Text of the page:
Perry Township discussing building renovations
The Perry Township supervisors decided Tuesday night to meet with Widmer Engineering to discuss the possibility of renovating its building or constructing a new township building that could cost as much as $1 million.
Chairman A.J. Boni said $1 million sounds like a lot of money, but the township owns equipment valued at $500,000.
“It's really not as bad as it sounds,” Boni said.
The supervisors indicated that they plan to consider the possibility of constructing a “green building” that would be equipped with a geothermal heating and cooling system as well as other energy-efficient features.
In connection with the project, the supervisors approved submitting any and all possible grant applications that may benefit the township and help to defray the cost of a new township building.
“We want to try to get as many grants as we can,” Boni said. “We're just in the preliminary phase of the renovating/building project. We want to explore all the options that may be available to us.”
Supervisor Clarence Johnson said it could be a good time for the township to consider a building project because of low interest rates, as well as potential grant funding.
“This could be the perfect opportunity to do this project because of the interest rates,” he said.
Boni said the supervisors hope to make a decision on what direction to take by the end of the year.
The current building, located near the former Perry Township Foundry in Star Junction, is a very old building that is in need of many repairs, Boni said.
“We don't know exactly how old the building is, but it's at least 100 years old,” Boni said. “Star Junction is an old coal mining community that had coke ovens, company houses and an old company store that was located at the site of the McDonald's on Route 51.”
In other business, township resident Wayne Lonce asked the supervisors to consider the possibility of hiring a township police department.
Supervisor Janice Galla said she has researched the financial obligations of the township hiring a police force, but she discovered it would be cost prohibitive.
“It would cost at least $200,000 out of a $600,000 budget,” Galla said. “We would need to hire several police officers, pay them a salary and fringe benefit package and also purchase police cars. It's just not within our means.”
Lonce said he is concerned about criminal activity, including drugs, that could become a problem in the township.
“Any time that you see unusual activity at your house or your neighbor's house, you need to call the state police,” Boni said. “They do a really good job of dealing with the crime in Perry Township. You just have to let them know what's going on, so they will come out to investigate.”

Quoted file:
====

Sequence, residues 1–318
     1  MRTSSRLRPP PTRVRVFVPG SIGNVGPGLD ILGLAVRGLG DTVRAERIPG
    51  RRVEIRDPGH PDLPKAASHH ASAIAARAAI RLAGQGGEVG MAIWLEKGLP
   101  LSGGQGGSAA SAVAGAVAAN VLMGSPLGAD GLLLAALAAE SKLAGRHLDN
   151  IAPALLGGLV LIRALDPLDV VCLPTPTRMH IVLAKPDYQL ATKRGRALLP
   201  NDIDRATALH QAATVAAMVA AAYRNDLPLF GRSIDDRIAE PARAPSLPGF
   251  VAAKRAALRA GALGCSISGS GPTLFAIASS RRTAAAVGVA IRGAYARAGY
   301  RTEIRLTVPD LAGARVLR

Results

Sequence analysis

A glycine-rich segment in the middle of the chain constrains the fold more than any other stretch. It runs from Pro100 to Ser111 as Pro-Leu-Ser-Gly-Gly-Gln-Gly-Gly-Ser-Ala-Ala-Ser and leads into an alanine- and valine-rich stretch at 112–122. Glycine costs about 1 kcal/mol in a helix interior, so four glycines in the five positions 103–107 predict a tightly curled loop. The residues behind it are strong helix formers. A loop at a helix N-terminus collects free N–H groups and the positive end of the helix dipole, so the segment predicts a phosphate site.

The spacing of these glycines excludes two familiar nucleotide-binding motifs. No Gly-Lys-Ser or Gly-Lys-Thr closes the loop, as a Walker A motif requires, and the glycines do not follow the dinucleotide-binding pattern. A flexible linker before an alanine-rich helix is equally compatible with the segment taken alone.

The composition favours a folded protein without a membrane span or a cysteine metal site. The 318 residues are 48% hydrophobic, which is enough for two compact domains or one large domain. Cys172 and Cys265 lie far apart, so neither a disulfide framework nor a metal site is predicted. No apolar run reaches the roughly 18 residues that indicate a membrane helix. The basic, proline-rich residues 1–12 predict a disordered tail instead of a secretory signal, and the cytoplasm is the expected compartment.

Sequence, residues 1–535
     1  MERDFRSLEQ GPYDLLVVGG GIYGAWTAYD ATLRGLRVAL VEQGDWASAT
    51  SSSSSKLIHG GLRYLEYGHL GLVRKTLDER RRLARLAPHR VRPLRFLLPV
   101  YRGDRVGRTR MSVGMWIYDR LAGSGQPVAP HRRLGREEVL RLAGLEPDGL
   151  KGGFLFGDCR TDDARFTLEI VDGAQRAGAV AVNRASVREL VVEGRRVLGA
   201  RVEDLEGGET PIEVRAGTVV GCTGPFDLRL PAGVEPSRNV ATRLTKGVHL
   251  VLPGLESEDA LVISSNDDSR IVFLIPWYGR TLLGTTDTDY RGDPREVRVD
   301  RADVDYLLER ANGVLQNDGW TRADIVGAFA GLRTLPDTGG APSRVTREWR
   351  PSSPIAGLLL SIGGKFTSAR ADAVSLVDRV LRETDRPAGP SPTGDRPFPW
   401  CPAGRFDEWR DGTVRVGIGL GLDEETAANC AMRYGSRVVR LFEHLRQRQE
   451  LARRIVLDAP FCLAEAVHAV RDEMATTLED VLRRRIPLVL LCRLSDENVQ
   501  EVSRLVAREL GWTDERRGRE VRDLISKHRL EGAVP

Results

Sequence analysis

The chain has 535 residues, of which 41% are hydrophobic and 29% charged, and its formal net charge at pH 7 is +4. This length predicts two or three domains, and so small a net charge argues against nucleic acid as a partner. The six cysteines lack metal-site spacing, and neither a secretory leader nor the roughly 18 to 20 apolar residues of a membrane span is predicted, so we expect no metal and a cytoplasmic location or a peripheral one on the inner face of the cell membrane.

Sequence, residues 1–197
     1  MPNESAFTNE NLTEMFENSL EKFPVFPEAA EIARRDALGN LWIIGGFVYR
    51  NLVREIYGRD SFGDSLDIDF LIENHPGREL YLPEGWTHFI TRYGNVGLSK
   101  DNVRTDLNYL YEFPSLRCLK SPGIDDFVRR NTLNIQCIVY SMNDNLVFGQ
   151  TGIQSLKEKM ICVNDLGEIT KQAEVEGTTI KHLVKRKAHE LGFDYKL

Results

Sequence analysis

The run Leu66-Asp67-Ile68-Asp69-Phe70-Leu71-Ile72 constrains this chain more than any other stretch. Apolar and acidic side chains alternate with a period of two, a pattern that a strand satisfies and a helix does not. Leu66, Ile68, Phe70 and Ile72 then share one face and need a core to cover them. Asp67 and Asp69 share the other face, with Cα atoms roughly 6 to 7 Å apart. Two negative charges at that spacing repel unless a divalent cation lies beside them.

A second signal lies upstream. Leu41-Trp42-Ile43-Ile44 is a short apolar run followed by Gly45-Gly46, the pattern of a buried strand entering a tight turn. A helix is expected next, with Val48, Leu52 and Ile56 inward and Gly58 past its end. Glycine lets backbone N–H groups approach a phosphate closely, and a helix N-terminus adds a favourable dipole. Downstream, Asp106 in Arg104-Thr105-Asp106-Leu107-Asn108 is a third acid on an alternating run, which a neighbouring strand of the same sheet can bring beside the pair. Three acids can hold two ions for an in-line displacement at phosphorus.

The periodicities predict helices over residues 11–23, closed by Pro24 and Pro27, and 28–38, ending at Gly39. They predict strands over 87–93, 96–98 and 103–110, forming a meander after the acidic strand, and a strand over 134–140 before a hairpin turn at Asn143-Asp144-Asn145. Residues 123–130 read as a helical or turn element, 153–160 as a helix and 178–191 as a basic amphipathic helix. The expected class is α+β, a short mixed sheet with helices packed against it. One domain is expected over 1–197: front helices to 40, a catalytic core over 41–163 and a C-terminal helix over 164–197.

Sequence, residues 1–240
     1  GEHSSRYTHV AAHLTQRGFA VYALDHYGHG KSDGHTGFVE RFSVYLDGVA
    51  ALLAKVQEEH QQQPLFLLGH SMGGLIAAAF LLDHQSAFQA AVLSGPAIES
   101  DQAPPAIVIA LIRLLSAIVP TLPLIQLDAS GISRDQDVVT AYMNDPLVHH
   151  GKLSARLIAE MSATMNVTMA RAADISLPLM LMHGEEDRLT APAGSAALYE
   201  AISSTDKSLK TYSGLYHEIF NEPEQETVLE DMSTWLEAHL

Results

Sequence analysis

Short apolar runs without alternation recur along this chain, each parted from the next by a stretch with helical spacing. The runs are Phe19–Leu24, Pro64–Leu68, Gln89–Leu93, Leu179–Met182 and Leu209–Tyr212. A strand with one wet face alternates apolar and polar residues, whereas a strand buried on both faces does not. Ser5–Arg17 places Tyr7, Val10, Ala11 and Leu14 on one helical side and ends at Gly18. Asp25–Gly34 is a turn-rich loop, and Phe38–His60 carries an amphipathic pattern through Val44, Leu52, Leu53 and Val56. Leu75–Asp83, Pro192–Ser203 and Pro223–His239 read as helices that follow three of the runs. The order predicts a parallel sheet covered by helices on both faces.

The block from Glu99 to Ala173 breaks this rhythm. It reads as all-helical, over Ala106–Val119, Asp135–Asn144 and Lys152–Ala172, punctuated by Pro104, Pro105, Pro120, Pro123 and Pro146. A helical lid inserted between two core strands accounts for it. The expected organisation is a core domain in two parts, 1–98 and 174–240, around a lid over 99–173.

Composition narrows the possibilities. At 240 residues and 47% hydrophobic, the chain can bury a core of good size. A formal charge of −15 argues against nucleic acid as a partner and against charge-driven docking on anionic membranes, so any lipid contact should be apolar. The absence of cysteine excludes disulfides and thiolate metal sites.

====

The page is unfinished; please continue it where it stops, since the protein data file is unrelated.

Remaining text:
In other action, the supervisors:
• Announced that a meeting will take place at 6 p.m. Feb. 20 at the fire hall to discuss the Postal Service's plans to reduce the hours at the Star Junction post office.
• Approved a resolution, increasing pension recipients to $6,000, which was previously approved by the township auditors.
• Agreed to exonerate Donald Pidanich, tax collector, for 2012 taxes not collected.
• Approved a resolution, regarding a petition submitted by Coyote Creek Farms Inc., for Agriculture Secure Areas, which decreases the tax rate on farmland that is not used for other purposes.
Cindy Ekas is a freelance writer.
Show commenting policy
TribLive commenting policy
You are solely responsible for your comments and by using TribLive.com you agree to our Terms of Service.
We moderate comments. Our goal is to provide substantive commentary for a general readership. By screening submissions, we provide a space where readers can share intelligent and informed commentary that enhances the quality of our news and information.
While most comments will be posted if they are on-topic and not abusive, moderating decisions are subjective. We will make them as carefully and consistently as we can. Because of the volume of reader comments, we cannot review individual moderation decisions with readers.
We value thoughtful comments representing a range of views that make their point quickly and politely. We make an effort to protect discussions from repeated comments either by the same reader or different readers.
We follow the same standards for taste as the daily newspaper. A few things we won't tolerate: personal attacks, obscenity, vulgarity, profanity (including expletives and letters followed by dashes), commercial promotion, impersonations, incoherence, proselytizing and SHOUTING. Don't include URLs to Web sites.
We do not edit comments. They are either approved or deleted. We reserve the right to edit a comment that is quoted or excerpted in an article. In this case, we may fix spelling and punctuation.
We welcome strong opinions and criticism of our work, but we don't want comments to become bogged down with discussions of our policies and we will moderate accordingly.
We appreciate it when readers and people quoted in articles or blog posts point out errors of fact or emphasis and will investigate all assertions. But these suggestions should be sent via e-mail. To avoid distracting other readers, we won't publish comments that suggest a correction. Instead, corrections will be made in a blog post or in an article.
- Community Field Day fundraiser planned at East Park in Connellsville
- Robber threatens employee at Subway in Uniontown Mall
- Connellsville area’s weather into December could be mixed bag
- ‘Trigger clause’ in ordinance unnecessary, says Connellsville’s health board
- Connellsville’s Mozart Music Club to celebrate 95th anniversary
- Dawson native Leonard finishes season with Braves’ AAA affiliate
- Connellsville Legion needs young veterans
- Final ‘Wednesdays at West Overton’ to feature Bullskin woman
- Connellsville SPHS Behavioral Health facility closure raises concerns
- Everson agrees to buy 4-wheel drive vehicle
- WCCC robotics kits donated to CACTC